• Why did God give His people specific instruction regarding what to eat? Leviticus 3:17; Acts 15:20; Exodus 15:26.

Note: “We are living in critical times. Disease of every stripe and type is afflicting the human family, and it is largely the result of subsisting upon the diseased flesh of dead animals. Some who have had the consequences of a meat diet set before them do not change. Why? Because they have educated their taste to enjoy the flesh of dead animals, and that taste must be indulged at any cost. And instead of preparing the meat in the least objectionable way, many choose the way that is most objectionable. The meat is served reeking with fat, because it suits the perverted taste. Both the blood and the fat of animals are consumed as a luxury. But the Lord gave special directions that these should not be eaten. Why? Because their use would make a diseased current of blood in the human system. The disregard of the Lord’s special directions has brought a variety of difficulties and diseases upon human beings.” Manuscript Releases, vol. 7, 423, 424.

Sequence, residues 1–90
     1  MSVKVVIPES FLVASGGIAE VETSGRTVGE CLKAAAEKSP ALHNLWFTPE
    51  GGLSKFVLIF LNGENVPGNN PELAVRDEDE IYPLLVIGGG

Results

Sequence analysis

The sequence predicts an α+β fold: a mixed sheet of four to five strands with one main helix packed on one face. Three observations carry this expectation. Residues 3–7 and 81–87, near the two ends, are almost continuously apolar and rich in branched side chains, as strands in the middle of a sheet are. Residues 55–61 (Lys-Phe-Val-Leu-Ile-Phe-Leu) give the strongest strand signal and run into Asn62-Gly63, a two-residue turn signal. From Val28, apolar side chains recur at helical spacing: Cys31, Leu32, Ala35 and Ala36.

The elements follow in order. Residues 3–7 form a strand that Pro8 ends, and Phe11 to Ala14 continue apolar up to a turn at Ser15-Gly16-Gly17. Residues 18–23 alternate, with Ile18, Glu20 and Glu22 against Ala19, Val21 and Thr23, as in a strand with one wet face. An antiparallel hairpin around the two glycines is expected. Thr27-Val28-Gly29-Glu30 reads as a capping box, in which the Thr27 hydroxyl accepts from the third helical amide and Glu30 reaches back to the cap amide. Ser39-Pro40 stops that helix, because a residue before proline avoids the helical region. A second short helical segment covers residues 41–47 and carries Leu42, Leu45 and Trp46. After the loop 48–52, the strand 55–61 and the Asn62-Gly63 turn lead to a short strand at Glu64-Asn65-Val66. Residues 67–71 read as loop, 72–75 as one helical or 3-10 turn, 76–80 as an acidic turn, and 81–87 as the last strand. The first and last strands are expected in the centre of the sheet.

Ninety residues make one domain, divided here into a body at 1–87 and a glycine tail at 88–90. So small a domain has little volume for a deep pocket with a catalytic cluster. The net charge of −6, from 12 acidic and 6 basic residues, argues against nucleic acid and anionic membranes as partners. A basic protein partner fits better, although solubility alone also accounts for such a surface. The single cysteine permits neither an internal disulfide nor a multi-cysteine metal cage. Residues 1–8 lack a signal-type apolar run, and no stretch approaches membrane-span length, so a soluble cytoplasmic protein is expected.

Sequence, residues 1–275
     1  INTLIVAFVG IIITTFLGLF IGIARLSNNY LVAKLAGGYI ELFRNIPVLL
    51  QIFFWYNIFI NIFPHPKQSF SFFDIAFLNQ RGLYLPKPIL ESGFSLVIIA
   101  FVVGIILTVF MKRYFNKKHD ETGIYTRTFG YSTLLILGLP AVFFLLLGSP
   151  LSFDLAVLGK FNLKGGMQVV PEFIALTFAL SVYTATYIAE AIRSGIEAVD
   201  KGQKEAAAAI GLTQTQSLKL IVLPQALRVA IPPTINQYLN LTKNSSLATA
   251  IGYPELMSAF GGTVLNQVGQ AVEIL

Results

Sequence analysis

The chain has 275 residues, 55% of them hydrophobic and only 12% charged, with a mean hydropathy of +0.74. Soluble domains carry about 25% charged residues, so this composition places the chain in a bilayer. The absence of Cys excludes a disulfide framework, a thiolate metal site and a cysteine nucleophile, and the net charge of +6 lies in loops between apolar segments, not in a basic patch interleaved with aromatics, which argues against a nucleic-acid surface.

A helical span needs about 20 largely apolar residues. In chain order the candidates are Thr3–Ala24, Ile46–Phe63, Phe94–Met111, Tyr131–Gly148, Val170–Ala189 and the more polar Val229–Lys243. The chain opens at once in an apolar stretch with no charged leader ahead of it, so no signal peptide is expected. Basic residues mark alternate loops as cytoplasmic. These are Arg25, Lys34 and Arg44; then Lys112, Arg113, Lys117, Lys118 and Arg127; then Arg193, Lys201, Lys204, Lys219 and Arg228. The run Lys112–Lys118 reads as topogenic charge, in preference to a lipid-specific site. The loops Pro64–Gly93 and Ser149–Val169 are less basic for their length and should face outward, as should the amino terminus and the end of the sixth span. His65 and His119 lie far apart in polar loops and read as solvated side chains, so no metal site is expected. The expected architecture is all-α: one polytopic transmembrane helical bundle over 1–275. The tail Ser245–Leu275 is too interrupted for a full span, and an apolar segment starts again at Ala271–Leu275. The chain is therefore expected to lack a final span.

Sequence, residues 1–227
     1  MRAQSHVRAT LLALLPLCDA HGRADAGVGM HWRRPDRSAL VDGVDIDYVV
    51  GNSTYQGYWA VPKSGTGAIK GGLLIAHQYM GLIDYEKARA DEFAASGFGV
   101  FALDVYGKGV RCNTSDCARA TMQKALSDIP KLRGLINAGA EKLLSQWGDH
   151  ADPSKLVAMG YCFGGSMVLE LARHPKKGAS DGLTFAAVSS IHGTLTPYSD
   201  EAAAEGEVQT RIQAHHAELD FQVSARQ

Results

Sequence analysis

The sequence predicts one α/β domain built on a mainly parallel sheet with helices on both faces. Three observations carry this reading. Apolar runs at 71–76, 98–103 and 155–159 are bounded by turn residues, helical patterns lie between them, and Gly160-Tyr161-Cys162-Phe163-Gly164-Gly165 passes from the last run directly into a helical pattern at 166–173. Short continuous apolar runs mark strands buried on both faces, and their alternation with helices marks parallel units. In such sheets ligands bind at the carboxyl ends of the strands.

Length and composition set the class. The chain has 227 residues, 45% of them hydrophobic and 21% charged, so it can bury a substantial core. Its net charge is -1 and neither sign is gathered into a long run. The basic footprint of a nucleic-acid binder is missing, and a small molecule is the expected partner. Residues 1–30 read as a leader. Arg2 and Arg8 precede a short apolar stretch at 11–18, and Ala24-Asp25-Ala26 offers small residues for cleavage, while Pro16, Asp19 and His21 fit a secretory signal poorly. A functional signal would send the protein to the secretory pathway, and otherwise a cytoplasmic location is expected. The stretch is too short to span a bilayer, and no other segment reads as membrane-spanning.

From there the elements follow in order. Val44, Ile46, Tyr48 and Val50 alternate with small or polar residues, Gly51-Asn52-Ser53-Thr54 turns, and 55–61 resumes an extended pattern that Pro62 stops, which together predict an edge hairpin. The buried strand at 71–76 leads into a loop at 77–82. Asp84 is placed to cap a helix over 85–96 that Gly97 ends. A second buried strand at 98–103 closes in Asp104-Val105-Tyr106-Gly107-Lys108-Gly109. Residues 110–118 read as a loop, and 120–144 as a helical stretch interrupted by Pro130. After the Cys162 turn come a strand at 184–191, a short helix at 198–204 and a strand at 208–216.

• What were the people of Israel instructed to avoid? Leviticus 11 (whole chapter, summarized in verses 46 and 47). What progressive changes have we been counseled to make?

Note: “Let the diet reform be progressive. Let the people be taught how to prepare food without the use of milk or butter. Tell them that the time will soon come when there will be no safety in using eggs, milk, cream, or butter, because disease in animals is increasing in proportion to the increase of wickedness among men. The time is near when, because of the iniquity of the fallen race, the whole animal creation will groan under the diseases that curse our earth.” Counsels on Diet and Foods, 356.